Ian Allan answers your fantasy football questions. In this edition: dissecting the RBBC situation in New England. Dialing back expectations for Dede Westbrook. And a figuring out a plan for Alfred Morris.
Can you give us your take on the ultimate Running Back by Committee at New England? Watching the Patriots dissect Denver's Defense last weekend was an eye opener. Why is Dion Lewis being platooned with Burkhead and White when he seems better than both of them? Is Gillislee totally out-of-favor, because he isn't a good receiver/blocker, so they'll use Lewis or Burkhead for short-yardage carries? Since NE's wideouts mostly seem to be decoys, will their offense continue to feature tight ends and RBs, deployed around the line of scrimmage, so Brady can keep throwing darts to them?
Drew Paterson (Ferndale, WA)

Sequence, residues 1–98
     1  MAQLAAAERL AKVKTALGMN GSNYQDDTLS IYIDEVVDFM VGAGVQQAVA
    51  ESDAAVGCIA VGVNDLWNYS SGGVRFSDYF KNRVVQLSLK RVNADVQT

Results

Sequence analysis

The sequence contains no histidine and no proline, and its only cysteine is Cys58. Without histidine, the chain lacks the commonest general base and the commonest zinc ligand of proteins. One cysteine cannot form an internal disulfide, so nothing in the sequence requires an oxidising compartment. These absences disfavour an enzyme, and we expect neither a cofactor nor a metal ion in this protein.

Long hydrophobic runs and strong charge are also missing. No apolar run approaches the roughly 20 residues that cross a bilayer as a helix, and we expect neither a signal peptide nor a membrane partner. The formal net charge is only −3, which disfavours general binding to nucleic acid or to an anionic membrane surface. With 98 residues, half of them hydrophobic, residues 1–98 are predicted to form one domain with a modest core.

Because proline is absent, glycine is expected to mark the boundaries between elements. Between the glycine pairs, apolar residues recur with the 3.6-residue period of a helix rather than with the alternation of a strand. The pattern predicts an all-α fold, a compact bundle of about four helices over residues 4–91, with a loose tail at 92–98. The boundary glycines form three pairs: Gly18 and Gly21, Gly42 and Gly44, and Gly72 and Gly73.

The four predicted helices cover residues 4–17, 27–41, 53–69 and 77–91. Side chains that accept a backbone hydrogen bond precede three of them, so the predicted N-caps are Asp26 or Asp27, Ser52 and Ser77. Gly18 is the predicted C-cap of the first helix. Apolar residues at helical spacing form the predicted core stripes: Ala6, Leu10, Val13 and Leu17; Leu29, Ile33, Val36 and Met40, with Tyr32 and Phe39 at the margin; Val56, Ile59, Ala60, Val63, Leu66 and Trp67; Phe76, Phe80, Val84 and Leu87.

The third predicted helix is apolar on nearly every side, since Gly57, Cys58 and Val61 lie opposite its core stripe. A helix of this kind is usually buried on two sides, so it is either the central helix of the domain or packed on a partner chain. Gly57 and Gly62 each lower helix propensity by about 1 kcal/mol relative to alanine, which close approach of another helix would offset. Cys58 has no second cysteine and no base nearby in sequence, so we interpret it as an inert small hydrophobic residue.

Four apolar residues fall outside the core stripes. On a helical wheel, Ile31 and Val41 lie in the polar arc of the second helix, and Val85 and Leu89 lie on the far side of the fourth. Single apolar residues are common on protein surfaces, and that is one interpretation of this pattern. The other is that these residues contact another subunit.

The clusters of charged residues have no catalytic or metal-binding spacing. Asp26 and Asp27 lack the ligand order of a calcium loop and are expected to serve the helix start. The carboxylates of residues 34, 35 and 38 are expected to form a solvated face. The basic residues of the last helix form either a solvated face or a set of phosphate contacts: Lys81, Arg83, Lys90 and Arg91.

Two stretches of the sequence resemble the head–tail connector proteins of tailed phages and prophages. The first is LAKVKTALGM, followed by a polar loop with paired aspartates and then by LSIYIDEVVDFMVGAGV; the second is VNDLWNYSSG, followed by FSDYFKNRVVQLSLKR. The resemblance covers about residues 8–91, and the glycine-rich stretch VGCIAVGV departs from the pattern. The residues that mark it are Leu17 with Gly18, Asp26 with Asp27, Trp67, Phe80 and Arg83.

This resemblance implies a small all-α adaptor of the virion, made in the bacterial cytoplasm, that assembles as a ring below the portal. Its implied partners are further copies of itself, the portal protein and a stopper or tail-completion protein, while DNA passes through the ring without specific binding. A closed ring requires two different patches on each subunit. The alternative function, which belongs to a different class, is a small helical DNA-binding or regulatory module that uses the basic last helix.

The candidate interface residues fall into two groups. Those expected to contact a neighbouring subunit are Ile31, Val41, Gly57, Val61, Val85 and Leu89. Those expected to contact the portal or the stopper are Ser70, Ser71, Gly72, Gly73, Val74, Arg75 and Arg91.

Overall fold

Mike Gillislee wasn’t active at Denver, and I don’t think we’ll see him on the field again anytime soon. They gave him a chance, and it didn’t work out. He wasn’t effective enough, averaging only 3.6 yards per carry. Unlike those other backs, he can’t be utilized as a receiver (didn’t catch a pass all year). He was supposed to be their short-yardage back, but he wasn’t good enough in those situations. In their first eight games, they gave him the ball 13 times when they needed 1 yard to either score or keep a drive alive, and he was successful on only 6 of those plays. Those are key. He missed on two fourth-and-one carries in the opener against Kansas City, plays that contributed heavily in the team losing that game. So they’ve moved on. Rex Burkhead is their next biggest back (at 210, he’s only 10 pounds lighter); I believe he’ll be the primary short-yardage runner in the second half of the season, maybe punching in a half-dozen touchdowns. Dion Lewis should be their leading ball carrier, but he weighs only 195 pounds. I don’t think they want him carrying more than about a dozen times per game, and there will be some opponents where his shifty style doesn’t play well. So I think Burkhead fits in as their second runner, carrying the ball 5-10 times in most games. There will be some weeks (I think) that Burkhead gets the hot hand and carries more than Lewis. And James White is more of a traditional third-down back, filling the role previously held by guys like Faulk, Woodhead and Vereen. White is averaging 14 rushing and 42 receiving yards so far. With both White and Burkhead, I think they get used like chess pieces in the passing game. They can line up in the backfield or flex outside, making it hard for defenses to account for them. I’m in agreement with your opinion that the wide receivers are largely decoys in this offense. The system isn’t about forcing the ball into the hands of Brandin Cooks. Instead, you’ve got a host of wide receivers running around – Cooks, Hogan, Amendola, Dorsett – and in the scramble to cover everyone, defenses often are left in some hopeless coverage situation, with a tight end (Gronkowski or Bennett) or a running back (White or Burkhead) isolated in a mismatch against a lesser player. The Patriots are starting to get things dialed in, and I expect we’ll see them playing in another Super Bowl in February.